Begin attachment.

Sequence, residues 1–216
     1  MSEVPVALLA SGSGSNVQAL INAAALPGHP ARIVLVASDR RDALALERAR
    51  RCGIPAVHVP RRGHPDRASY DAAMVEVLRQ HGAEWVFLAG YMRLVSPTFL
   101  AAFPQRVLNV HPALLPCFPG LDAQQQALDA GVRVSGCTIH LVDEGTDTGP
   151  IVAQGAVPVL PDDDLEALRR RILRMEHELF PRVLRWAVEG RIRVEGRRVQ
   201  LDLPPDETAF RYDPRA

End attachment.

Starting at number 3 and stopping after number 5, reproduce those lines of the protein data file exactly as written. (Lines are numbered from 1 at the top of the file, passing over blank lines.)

    51  RCGIPAVHVP RRGHPDRASY DAAMVEVLRQ HGAEWVFLAG YMRLVSPTFL
   101  AAFPQRVLNV HPALLPCFPG LDAQQQALDA GVRVSGCTIH LVDEGTDTGP
   151  IVAQGAVPVL PDDDLEALRR RILRMEHELF PRVLRWAVEG RIRVEGRRVQ